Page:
ACOA BOARD MINUTES December 17, 1981

by American Committee on Africa
New York, New York, United States
Undated, sometime after December 17, 1981 and before the next board meeting on March 22, 1982
4 pages
Contents: Board Members • Staff • Apologies • 1) Minutes • 2) Reports • 3) Report from Theo-Ben Gurirab • 4) Forthcoming • 5) Finances • 6) Board • The minutes say Bill Booth reported that he had testified on US policy towards South Africa before the United Nations General Assembly's Special Political Committee. Jennifer Davis reported on the ACOA archives project; several libraries including Yale, Northwestern, Schomberg and the Amistad Research Center are interested in receiving the archives. Clifton H. Johnson from Amistad in New Orleans said they would microfilm materials, thus making them available to African libraries and governments. The Board of Homeland Ministries of the United Church of Christ has given George Houser office space to work on the archives. Criteria for choosing the recipient of the archives would include their availability and financial remuneration to ACOA. Gail Hovey reported on publications; a speech by Theo-Ben Gurirab, "Namibia: For Freedom and Independence" was distributed. "Questions and Answers on Divestment" is about to go to the printer, "Legislative Action Against Apartheid: Connecticut Case Study" and "Black Unions in South Africa" are about to go to the typesetter, a new film list is also about to be completed. Work in progress includes a study of the Anglo-American Corporation and the Namibia pamphlet; plans for next year include a piece on women under apartheid and a case study of a Bantustan. Dumisani Kumalo reported on his recent trip to ten states; he found more interest in South Africa among students and more concern about Reagan's policy. Legislation dealing with South Africa is pending in Minnesota, Michigan, California, Wisconsin, and Oregon. Kumalo attended the National Black Caucus of State Legislators in Baltimore. In AFL-CIO unions, control of pension funds can be linked to South Africa, and the issue of control is becoming more and more important. Diana Ross is scheduled to go to South Africa to sing, and a campaign is under way to keep her from going. Hovey reported that a resolution has been introduced in the New York City Council calling for city pension funds to be removed from banks and corporations that operate in South Africa. Davis reported on a mailing to US trade union leaders calling on them to take action in response to the arrests of South African trade union leaders. She stressed the recent escalation in internal terrorism, especially the assassination of lawyer Mlungisi Griffiths Mxenge. Paul Irish reported on material aid to SWAPO; a local support group in Minneapolis is contributing glasses and medical supplies. Richard Knight reported that the US seems ready to get more involved in supporting Morocco at the expense of Polisario. Theo-Ben Gurirab, SWAPO Permanent Observer to the United Nations, discussed developments in Namibia. Josh Nessen reported on student work; there will be regional conferences in January in Berea, Kentucky, and at the University of Illinois, to plan the spring week of action. Also, a planning meeting will be held in New York City on January 16 in cooperation with the Black United Front. Ted Lockwood began a discussion on US policy, noting the need to watch regulations that implement the arms embargo. Four nuclear experts just visited South Africa and 20 South African scientists are studying in the US. The head of the South African railway police and the South African Veterans Association have visited the US. Gail Morlan is changing her name to Gail Hovey. The minutes discuss the DTA (Democratic Turnhalle Alliance), southern Angola, UNITA, negotiations, the Western Five, Reagan, books on African history and political science, the Namibia Institute, the Clark Amendment, Gay McDougall, the Foreign Aid bill, a high-level conference on South Africa at Silver Springs, the African National Congress (ANC), Bill Robinson, Bhagwaite Dwarika, Timothy Smith, Michael Davis, Jean Sindab, the Washington Office on Africa (WOA), Edward May, Isabel Cintron Cintron, Elombe Brath, Bill Johnston, Josephine Buck-Jones, Annie King, Crystal Mapp, Peter Weiss, Elizabeth Landis, and Moe Foner.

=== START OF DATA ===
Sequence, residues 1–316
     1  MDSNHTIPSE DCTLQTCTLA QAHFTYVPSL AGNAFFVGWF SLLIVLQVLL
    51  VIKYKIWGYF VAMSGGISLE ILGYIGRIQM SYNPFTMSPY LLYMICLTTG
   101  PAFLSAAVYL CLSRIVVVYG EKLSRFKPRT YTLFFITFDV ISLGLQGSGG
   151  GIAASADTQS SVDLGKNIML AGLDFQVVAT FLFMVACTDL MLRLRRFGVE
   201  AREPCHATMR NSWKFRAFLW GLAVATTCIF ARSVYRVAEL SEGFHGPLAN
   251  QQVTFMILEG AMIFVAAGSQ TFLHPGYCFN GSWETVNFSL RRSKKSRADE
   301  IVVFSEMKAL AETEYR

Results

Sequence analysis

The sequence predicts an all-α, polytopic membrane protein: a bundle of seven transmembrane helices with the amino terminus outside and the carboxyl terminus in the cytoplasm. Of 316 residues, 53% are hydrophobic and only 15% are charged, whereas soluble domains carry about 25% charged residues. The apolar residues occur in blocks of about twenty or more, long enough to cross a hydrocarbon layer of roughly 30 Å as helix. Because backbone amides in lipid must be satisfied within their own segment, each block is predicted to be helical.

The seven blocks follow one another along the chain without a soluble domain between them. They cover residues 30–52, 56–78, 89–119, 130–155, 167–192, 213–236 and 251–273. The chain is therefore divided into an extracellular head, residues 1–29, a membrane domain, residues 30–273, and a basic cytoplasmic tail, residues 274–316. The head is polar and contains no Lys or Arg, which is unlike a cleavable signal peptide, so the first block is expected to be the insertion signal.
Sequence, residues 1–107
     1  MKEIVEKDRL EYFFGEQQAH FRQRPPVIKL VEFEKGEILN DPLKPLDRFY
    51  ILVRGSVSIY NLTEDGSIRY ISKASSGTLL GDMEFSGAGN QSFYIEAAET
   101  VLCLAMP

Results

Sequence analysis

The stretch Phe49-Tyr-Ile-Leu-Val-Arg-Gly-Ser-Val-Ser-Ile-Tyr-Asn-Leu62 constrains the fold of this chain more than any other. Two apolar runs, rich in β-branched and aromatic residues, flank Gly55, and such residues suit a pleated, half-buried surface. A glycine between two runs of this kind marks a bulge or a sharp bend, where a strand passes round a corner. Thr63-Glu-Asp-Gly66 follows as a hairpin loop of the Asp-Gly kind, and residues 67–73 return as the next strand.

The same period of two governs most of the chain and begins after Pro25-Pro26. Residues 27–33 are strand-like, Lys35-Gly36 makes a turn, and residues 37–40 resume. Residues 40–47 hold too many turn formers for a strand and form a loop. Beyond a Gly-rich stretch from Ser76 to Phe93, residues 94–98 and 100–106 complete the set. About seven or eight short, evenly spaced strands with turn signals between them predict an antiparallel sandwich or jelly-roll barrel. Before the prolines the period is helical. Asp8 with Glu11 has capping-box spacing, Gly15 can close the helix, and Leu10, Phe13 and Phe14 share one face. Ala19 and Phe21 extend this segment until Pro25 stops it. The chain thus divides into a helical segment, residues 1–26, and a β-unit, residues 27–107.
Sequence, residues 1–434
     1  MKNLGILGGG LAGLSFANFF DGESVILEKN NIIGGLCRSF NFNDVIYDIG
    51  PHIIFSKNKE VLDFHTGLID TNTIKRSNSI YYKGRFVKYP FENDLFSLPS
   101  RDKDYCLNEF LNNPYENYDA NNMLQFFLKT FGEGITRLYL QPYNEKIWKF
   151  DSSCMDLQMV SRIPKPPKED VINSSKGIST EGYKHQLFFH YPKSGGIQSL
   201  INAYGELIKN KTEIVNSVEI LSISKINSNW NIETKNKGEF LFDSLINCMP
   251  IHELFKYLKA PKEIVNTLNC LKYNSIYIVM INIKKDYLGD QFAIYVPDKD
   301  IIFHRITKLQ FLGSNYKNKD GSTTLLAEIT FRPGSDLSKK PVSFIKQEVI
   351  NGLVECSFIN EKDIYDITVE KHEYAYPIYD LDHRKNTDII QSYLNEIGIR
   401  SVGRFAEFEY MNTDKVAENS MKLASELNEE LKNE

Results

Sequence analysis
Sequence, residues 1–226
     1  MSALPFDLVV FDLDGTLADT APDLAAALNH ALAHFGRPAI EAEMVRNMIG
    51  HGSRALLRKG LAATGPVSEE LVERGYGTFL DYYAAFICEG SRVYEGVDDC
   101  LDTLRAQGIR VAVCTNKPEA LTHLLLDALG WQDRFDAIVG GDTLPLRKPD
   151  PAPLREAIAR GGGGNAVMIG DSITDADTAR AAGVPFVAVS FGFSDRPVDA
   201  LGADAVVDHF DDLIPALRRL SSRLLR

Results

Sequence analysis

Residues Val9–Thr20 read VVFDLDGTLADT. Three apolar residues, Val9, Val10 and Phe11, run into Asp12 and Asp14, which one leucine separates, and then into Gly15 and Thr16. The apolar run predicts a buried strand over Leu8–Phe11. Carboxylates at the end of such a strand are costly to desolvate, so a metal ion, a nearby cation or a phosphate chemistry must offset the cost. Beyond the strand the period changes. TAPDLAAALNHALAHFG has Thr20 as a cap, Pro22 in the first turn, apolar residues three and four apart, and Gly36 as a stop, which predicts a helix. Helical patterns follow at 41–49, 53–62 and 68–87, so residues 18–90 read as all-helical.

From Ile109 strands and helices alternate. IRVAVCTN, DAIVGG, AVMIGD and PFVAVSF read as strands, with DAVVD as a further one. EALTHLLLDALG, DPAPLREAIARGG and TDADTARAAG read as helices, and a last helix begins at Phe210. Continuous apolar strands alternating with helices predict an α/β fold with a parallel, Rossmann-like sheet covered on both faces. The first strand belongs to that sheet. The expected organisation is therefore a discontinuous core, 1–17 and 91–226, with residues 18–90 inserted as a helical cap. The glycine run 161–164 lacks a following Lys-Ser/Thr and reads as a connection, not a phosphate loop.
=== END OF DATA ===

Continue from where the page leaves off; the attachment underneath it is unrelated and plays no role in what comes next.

Used by permission of Africa Action (successor to the American Committee on Africa).
Collection: Peter Weiss papers, Michigan State University Libraries Special Collections